Combretastatin A-4 derived imidazoles show cytotoxic, antivascular, and antimetastatic effects based on cytoskeletal reorganisation
Introduction Combretastatin A-4 (CA-4) is a natural cis-stilbene which interferes with the cellular tubulin dynamics and which selectively destroys tumour blood vessels. Its pharmacological shortcomings such as insufficient chemical stability, water solubility, and cytotoxicity can be remedied by employing its imidazole derivatives. Methods We studied 11 halogenated imidazole derivatives of CA-4 for their effects on the microtubule and actin cytoskeletons of cancer and endothelial cells and on the propensity of these cells to migrate across tissue barriers or to form blood vessel-like tubular structures. Results A series of N-methyl-4-aryl-5-(4-ethoxyphenyl)-imidazoles proved far more efficacious than the lead CA-4 in growth inhibition assays against CA-4-resistant HT-29 colon carcinoma cells and generally more selective for cancer over nonmalignant cells. Et-brimamin (6), the most active compound, inhibited the growth of various cancer cell lines with IC50 (72 h) values in the low nanomolar range. Active imidazoles such as 6 reduced the motility and invasiveness of cancer cells by initiating the formation of actin stress fibres and focal adhesions as a response to the extensive microtubule disruption. The antimetastatic properties were ascertained in 3D-transwell migration assays which simulated the transgression of highly invasive melanoma cells through the extracellular matrix of solid tumours and through the endothelium of blood vessels. The studied imidazoles exhibited vascular-disrupting effects also against tumour xenografts that are refractory to CA-4. They were also less toxic and better tolerated by mice. Conclusions We deem the new imidazoles promising drug candidates for combination regimens with antiangiogenic VEGFR inhibitors.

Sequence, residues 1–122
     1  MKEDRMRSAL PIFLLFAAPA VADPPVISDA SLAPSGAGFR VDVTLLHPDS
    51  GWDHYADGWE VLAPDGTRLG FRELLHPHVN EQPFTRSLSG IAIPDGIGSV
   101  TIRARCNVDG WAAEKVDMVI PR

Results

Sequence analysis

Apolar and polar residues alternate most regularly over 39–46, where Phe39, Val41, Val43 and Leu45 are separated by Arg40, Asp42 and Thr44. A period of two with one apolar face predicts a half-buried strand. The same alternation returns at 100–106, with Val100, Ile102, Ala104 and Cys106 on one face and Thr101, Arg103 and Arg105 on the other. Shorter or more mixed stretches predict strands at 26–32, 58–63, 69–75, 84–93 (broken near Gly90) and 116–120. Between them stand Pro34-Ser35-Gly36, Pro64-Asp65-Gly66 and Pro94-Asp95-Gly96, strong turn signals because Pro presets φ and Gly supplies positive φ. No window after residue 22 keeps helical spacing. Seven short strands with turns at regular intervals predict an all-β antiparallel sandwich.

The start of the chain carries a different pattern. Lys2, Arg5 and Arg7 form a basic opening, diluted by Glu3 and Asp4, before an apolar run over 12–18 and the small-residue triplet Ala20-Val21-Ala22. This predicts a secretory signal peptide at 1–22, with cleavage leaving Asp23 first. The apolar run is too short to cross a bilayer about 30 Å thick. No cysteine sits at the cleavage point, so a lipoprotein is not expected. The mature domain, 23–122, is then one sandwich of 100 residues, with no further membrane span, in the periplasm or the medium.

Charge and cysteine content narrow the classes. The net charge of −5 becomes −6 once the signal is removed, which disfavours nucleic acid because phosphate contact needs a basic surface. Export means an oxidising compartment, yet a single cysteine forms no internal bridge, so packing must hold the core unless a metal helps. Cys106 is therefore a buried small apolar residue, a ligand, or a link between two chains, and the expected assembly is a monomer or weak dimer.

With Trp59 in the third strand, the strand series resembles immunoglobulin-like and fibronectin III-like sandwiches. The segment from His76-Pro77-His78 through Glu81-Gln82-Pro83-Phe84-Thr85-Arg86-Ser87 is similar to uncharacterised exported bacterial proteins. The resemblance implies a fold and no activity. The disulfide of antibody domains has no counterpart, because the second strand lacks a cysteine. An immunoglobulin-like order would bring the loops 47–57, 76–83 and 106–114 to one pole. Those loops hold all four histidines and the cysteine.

KeywordsCombretastatin A-4 Imidazoles Vascular-disrupting agents (VDA) Antimetastatic activity Transwell invasion assay Trans-endothelium migration assay CAM assay
We are indebted to Dr. Florenz Sasse (Helmholtz Centre for Infection Research, Braunschweig, Germany) for assisting with fluorescence microscopy and to Franziska Reipsch (Department of Internal Medicine IV, Halle) for technical assistance.
Conflict of interest
The authors declare that there are no conflicts of interest.
- 5.Kanthou C, Tozer GM (2009) Microtubule depolymerizing vascular disrupting agents: novel therapeutic agents for oncology and other pathologies: microtubule depolymerizing vascular disrupting agents. Int J Exp Pathol 90:284–294. doi: 10.1111/j.1365-2613.2009.00651.x CrossRefPubMedCentralPubMedGoogle Scholar
- 15.Del Conte G, Bahleda R, Morena V et al (2012) A phase I study of ombrabulin (O) combined with bevacizumab (B) in patients with advanced solid tumors. J Clin Oncol 30:(suppl); abstr 3080Google Scholar
- 18.Schobert R, Biersack B, Dietrich A et al (2010) 4-(3-Halo/amino-4,5-dimethoxyphenyl)-5-aryloxazoles and -N-methylimidazoles that are cytotoxic against combretastatin A resistant tumor cells and vascular disrupting in a cisplatin resistant germ cell tumor model. J Med Chem 53:6595–6602. doi: 10.1021/jm100345r CrossRefPubMedGoogle Scholar
- 42.Horan PK, Melnicoff MJ, Jensen BD, Slezak SE (1990) Chapter 42 Fluorescent cell labeling for in vivo and in vitro cell tracking. Methods Cell Biol. Elsevier, 469–490Google Scholar
- 47.Werr J, Xie X, I-Iedqvist P et al (1998) B-integrins are critically involved in neutrophil locomotion in extravascular tissue in vivo. J Exp Med 18712091–2096Google Scholar